Nearly all of the photographers we spoke to stressed the importance of having a backup. Sarah Williams, a San Diego photographer, says: “Back up your photographs. One backup is not enough. Backups are essential. You should have two backups: one onsite and one offsite.
Eric McCallister has these words to share: “Take file management seriously. This includes the day and the night after the wedding. To avoid having to remove them from the cameras, I only shoot duplicate files to dual-card cards. Only card failures like opening the car door too fast or losing a card have resulted in lost files. I think I’m less likely to damage a card if I don’t have to open the camera, and I certainly won’t lose one. Make sure you have backups of your files in multiple locations once you are back home. Cloud storage is great, but it may not be the best option for photographers who upload a lot. Make sure to back up your Lightroom catalogues. It is not fun to discover that you have all your files but none of the edits.
Many pros recommended that the backup card process be started as soon as possible, even before the ceremony.
6. Backup: Gear
Cameras are mechanical devices. Many of them can be converted to electronic. Electronics and mechanicals have a limited life span. They will eventually fail, and the Law of Murphy says that failures will not occur while you are out taking photos. Your gear will fail at any moment. Pros should be prepared for this. Jamelle Kelley, a Flagstaff-based photographer, incorporates her backup gear in the shooting process. “We prefer to use multiple cameras than changing lenses throughout the day. You can’t miss the wedding day action if you fuss with your camera.
Vilson Lleshaj laughs at the idea of having backup gear. However, he adds, “There are always guests with good cameras these day, but you don’t want to have to ask their gear to be borrowed.”
Lori Waltenbury concludes by saying that “It goes without saying that you need to know your gear inside out.” You should be able to identify and fix basic problems. Also, you should have a plan for when, not if, they fail.
Shooters often overlook logistics because the focus is on images. Kim Cota Robles, a Tucson-based photographer, has some great tips for managing your gear at the venue. You can set up a home base for your equipment in the back of the venue, away from the view of guests. This will allow you to store some of your heavier gear when not in use.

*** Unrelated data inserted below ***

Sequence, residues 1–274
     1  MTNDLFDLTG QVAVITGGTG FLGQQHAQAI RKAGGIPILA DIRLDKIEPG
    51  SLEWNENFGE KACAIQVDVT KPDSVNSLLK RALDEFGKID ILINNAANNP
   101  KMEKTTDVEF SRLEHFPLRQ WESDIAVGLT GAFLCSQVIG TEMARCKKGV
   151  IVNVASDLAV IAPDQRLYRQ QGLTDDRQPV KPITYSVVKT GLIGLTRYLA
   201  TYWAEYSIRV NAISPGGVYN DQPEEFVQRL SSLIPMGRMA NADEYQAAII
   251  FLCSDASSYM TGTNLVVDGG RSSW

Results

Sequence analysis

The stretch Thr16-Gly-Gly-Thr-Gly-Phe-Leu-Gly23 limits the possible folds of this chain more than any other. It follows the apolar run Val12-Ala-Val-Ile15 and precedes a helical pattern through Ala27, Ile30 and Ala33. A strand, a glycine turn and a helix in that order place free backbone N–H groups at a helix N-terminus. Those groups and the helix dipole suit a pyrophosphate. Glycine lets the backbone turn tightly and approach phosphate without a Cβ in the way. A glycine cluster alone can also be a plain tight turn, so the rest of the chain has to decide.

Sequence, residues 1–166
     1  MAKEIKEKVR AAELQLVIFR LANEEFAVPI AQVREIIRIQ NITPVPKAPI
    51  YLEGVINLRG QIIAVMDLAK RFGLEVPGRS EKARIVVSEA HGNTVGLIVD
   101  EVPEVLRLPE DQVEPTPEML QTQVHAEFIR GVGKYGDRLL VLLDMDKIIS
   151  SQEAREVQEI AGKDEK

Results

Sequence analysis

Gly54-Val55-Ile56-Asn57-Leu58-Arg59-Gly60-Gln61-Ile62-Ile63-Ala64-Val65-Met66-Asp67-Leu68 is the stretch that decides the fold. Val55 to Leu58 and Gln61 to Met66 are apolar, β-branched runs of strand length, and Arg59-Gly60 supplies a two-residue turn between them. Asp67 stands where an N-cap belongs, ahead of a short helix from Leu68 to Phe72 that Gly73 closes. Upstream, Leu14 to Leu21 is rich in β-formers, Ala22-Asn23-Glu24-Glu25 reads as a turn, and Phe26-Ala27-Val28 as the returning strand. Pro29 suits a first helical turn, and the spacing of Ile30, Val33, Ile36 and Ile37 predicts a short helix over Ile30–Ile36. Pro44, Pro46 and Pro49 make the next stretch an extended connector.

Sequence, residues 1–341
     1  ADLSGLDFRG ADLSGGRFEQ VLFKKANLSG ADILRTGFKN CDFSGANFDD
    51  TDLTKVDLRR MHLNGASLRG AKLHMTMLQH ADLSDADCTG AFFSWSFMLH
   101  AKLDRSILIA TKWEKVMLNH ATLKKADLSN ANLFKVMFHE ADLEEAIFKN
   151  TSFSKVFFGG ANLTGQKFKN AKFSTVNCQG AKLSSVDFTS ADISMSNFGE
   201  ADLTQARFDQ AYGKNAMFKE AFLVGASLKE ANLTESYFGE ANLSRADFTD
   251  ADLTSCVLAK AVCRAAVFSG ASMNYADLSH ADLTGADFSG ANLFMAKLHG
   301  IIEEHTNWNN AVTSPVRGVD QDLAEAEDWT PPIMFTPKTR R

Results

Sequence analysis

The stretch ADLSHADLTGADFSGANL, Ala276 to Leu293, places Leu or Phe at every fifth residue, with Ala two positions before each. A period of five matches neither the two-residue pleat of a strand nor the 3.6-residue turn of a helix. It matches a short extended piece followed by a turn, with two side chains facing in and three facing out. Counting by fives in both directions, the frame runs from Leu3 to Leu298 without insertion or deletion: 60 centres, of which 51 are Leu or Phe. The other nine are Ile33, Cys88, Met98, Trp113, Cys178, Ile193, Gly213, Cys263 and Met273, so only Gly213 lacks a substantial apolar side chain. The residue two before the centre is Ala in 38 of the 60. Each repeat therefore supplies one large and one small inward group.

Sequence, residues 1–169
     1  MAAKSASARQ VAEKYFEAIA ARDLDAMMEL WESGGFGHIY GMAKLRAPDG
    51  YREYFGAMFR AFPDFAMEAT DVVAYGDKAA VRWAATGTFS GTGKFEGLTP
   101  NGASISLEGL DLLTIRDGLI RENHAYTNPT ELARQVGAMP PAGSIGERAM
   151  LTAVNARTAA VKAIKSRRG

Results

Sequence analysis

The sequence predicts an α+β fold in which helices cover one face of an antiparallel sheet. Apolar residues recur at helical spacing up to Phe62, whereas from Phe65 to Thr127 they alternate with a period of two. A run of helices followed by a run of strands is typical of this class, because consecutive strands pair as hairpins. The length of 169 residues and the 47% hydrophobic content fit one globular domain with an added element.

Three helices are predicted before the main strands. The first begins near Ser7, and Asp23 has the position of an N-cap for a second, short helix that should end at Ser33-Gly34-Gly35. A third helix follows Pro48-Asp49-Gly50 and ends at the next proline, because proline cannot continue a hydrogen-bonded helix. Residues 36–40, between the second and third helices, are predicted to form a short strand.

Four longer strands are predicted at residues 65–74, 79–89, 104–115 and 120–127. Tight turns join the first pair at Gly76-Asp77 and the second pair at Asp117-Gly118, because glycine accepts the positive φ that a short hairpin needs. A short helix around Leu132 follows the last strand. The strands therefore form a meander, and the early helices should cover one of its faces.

She says, “Bring two cameras bags, one smaller than the other. You can use the smaller bag during ceremonies without it being too intrusive. The larger one will hold everything.
Many arts are intertwined in wedding photography. These include lighting, composition and location. While candid images can be taken without being posed and group shots may require minor adjustments, when staging images with the bridal parties, posing is just as important as background lighting and background. Alex Oat explains this by saying, “Know how pose–not everybody is a model or feels comfortable in the front of a camera!”
Andre Reichmann, a New York City photographer, says that while teaching people how to pose is difficult, it could make all the difference between being bland and unique.
Many people believe that every photo you take, even non-selfies, is a self-portrait. Your photographic style defines your brand’s image. Although versatility is a good thing for a photographer, it can negatively affect your wedding business. Sarah Williams from San Diego says: “Keep your editing consistent. Keep it consistent with what you love and find out what your preferences are. It can be not very clear for couples to see different editing styles on your website.
Eric McCallister adds, “Be consistent.” No matter how personal our services are, clients still view us as a business. They want to know what you expect. Your message about who and what you need to be consistent, from your Web presence to in-person meetings. Your images must be processed consistently. Consistency is key to your ongoing communications. Clients will be more comfortable working with you if they know what to expect.
No matter your style, formal or informal, documentary, classic or other, it’s important not to lose sight of the goal at hand. Jamelle Kelley says, “Be hip and fun, but don’t forget the traditional.” The “Gipper shot” is what we refer to as. It is important to have one traditional bride or groom looking at the camera and smiling. This simple portrait is what every grandmother and mother wants.
Alex Oat is our last trip.
“Be a ninja. “Be a ninja. This is the best compliment for a wedding.